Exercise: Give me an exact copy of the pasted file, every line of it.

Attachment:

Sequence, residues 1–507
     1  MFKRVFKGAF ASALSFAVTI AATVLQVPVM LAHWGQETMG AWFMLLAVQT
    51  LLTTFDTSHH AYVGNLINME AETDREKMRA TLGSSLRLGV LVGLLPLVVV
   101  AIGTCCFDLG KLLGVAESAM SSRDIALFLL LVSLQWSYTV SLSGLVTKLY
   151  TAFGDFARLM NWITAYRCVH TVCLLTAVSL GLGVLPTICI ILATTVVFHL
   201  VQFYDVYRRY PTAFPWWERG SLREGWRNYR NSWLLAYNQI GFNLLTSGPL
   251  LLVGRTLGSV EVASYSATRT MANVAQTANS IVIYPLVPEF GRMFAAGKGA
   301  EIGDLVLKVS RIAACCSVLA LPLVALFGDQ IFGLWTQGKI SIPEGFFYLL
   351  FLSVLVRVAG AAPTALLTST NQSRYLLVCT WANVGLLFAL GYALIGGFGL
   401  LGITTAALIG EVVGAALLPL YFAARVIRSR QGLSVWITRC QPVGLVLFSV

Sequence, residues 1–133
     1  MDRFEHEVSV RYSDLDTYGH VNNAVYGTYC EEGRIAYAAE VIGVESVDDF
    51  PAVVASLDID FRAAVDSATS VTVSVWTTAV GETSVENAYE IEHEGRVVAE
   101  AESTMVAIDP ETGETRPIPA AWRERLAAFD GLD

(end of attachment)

Sequence, residues 1–507
     1  MFKRVFKGAF ASALSFAVTI AATVLQVPVM LAHWGQETMG AWFMLLAVQT
    51  LLTTFDTSHH AYVGNLINME AETDREKMRA TLGSSLRLGV LVGLLPLVVV
   101  AIGTCCFDLG KLLGVAESAM SSRDIALFLL LVSLQWSYTV SLSGLVTKLY
   151  TAFGDFARLM NWITAYRCVH TVCLLTAVSL GLGVLPTICI ILATTVVFHL
   201  VQFYDVYRRY PTAFPWWERG SLREGWRNYR NSWLLAYNQI GFNLLTSGPL
   251  LLVGRTLGSV EVASYSATRT MANVAQTANS IVIYPLVPEF GRMFAAGKGA
   301  EIGDLVLKVS RIAACCSVLA LPLVALFGDQ IFGLWTQGKI SIPEGFFYLL
   351  FLSVLVRVAG AAPTALLTST NQSRYLLVCT WANVGLLFAL GYALIGGFGL
   401  LGITTAALIG EVVGAALLPL YFAARVIRSR QGLSVWITRC QPVGLVLFSV

Sequence, residues 1–133
     1  MDRFEHEVSV RYSDLDTYGH VNNAVYGTYC EEGRIAYAAE VIGVESVDDF
    51  PAVVASLDID FRAAVDSATS VTVSVWTTAV GETSVENAYE IEHEGRVVAE
   101  AESTMVAIDP ETGETRPIPA AWRERLAAFD GLD